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Legal Experts Chastise FBI For Not Disclosing Sooner Agent’s Sexual Affair With Informant in Jefferson Case

Informant Lori Mody

Informant Lori Mody

By Allan Lengel
ticklethewire.com
WASHINGTON –– Transparency, transparency, transparency.  And yes, disclosure. That’s often the best policy when the federal government takes a  case to trial, particularly a big one.

But Bruce Alpert and Jonathan Tilove, reporters at the New Orleans Times-Picayune, have put together an intriguing report on how the FBI failed to disclose early on that an agent who was working undercover in the ex-Rep. William Jefferson case had an affair with a key informant, who wore a wire. Instead, the disclosure was made to the court just days before trial began in June (it became public last week).

The paper quotes various legal experts, including George Washington University law professor Jonathan Turley, as saying the tardy disclosure involving FBI agent John Guandolo and informant Lori Mody was unacceptable.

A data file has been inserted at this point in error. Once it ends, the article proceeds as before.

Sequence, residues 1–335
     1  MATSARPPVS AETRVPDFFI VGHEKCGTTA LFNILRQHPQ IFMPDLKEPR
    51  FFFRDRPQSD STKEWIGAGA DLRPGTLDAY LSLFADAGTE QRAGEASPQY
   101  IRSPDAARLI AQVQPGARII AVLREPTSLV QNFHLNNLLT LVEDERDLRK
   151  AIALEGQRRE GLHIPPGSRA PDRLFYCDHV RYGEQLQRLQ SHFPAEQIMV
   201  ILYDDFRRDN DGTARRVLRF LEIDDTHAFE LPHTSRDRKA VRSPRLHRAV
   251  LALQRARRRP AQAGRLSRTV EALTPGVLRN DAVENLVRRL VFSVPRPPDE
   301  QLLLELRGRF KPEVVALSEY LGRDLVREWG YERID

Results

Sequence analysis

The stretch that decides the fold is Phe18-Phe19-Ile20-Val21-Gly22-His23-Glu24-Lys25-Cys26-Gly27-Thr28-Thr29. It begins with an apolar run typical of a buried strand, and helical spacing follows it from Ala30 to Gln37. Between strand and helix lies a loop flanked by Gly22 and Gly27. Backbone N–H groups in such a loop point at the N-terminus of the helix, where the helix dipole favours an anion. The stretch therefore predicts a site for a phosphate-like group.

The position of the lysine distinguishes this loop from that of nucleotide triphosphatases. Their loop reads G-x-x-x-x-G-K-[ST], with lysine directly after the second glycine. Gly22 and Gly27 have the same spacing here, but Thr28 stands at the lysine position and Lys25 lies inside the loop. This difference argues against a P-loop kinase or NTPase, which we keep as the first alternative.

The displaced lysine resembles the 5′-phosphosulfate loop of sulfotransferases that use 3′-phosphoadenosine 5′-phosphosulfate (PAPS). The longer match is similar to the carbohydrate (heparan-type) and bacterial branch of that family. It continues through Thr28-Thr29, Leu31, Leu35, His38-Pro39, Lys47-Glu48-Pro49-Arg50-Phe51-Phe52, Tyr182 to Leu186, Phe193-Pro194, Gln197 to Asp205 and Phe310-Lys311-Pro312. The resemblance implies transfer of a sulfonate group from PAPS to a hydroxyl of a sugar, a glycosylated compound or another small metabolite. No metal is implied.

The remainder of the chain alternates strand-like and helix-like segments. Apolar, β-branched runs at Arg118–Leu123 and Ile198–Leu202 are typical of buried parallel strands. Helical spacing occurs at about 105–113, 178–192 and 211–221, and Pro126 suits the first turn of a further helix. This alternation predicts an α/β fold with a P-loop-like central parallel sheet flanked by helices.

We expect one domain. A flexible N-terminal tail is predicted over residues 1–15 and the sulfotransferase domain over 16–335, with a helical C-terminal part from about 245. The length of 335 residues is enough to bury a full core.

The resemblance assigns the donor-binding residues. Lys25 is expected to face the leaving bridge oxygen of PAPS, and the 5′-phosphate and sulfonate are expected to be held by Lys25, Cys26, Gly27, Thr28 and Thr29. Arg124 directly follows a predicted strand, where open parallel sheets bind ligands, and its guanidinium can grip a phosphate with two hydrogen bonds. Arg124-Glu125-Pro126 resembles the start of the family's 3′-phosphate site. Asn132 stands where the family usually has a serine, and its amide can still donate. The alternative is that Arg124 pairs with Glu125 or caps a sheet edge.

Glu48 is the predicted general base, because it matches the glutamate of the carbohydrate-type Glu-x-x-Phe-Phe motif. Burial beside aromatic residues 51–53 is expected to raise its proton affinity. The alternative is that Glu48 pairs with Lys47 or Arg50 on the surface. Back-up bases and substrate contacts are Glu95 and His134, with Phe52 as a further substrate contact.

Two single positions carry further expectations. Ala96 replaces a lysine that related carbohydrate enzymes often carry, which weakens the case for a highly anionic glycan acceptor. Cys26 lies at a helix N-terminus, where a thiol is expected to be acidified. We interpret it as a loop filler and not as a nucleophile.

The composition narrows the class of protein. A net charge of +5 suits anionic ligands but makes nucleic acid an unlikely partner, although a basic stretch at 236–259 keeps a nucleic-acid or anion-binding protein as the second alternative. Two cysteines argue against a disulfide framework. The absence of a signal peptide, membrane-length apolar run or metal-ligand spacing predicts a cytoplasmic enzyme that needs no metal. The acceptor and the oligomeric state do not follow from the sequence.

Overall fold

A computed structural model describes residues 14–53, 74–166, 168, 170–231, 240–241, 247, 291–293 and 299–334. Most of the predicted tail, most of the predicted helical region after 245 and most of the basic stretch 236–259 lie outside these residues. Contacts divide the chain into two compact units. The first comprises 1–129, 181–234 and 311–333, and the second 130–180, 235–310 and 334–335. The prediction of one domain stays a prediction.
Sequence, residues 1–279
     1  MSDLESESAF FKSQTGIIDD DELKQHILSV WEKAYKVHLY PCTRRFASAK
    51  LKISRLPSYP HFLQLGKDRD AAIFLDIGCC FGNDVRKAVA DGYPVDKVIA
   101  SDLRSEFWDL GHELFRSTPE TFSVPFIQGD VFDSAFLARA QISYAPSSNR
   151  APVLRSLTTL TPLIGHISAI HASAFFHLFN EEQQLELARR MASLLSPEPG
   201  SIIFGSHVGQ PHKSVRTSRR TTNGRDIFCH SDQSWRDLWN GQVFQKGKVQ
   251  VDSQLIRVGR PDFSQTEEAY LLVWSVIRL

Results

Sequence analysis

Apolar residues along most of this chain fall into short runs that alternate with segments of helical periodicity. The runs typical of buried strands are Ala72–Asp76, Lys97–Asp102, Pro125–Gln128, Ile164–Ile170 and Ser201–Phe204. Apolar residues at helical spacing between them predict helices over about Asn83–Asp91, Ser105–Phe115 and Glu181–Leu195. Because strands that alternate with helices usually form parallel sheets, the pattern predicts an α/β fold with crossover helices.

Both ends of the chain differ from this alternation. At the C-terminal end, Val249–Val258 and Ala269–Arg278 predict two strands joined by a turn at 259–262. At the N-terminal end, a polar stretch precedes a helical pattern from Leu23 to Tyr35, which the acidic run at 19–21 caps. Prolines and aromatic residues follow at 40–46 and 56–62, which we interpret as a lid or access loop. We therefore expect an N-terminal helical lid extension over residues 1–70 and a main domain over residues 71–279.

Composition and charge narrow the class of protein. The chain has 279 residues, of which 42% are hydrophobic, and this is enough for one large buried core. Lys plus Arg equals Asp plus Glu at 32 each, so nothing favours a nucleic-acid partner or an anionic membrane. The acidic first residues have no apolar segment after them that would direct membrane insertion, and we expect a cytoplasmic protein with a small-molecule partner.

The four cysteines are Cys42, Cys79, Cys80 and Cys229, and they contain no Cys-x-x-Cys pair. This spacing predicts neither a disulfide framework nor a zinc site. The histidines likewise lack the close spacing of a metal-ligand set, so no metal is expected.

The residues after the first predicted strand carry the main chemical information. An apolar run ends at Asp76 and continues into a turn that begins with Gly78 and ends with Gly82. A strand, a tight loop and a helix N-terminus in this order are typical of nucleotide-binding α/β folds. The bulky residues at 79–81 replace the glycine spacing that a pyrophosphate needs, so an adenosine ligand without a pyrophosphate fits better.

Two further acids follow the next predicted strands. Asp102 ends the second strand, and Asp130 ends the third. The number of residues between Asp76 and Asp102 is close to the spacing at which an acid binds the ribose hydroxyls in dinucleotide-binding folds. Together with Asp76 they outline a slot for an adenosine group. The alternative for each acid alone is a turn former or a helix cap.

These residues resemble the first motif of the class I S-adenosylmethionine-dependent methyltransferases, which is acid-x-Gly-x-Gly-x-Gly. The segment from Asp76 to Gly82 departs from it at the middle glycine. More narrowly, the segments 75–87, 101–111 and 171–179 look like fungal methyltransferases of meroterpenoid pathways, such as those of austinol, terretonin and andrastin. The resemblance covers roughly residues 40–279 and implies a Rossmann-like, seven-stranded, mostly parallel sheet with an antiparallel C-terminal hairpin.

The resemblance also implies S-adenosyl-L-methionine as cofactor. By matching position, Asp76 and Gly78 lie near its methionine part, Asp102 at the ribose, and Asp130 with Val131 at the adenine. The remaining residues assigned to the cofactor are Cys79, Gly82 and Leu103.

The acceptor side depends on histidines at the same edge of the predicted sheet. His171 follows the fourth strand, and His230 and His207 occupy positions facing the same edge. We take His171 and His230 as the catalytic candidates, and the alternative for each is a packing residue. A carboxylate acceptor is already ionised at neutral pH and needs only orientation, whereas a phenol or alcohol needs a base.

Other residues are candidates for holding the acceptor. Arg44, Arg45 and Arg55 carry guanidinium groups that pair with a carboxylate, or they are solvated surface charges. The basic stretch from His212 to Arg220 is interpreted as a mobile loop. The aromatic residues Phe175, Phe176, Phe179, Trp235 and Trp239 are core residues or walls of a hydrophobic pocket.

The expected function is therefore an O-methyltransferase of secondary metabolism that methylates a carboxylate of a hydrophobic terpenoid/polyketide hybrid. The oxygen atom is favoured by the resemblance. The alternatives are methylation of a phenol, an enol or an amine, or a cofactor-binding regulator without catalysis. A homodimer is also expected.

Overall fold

“This is just unbelievable, ” Turley told the Picayune. “If the FBI was aware that an agent had an improper relationship with a confidential source, it is information that should have been disclosed to the court.”

The defense asked for a new trial based partly on the affair, but the trial judge rejected the request. In all likelihood, it’s not likely to get much traction in the appeal process considering the minor role the agent played in the case — he pretended to be Mody’s chauffeur — and the affair did not change the facts in the case.

Ticklethewire.com reported last week that the married agent had drawn up, at the urging of his therapist,  a list of  women he had an affair with to show how it all impacted his marriage.  The list included other  female FBI agents and an unnamed confidential source who ended up being Lori Mody.

Someone found the list and gave it to his supervisor, which became his undoing. Guandolo, who was considered a good agent, resigned last December. Jefferson was convicted on 11 of 16 public corruption counts.

Click here to read the full story in the Times-Picayune.


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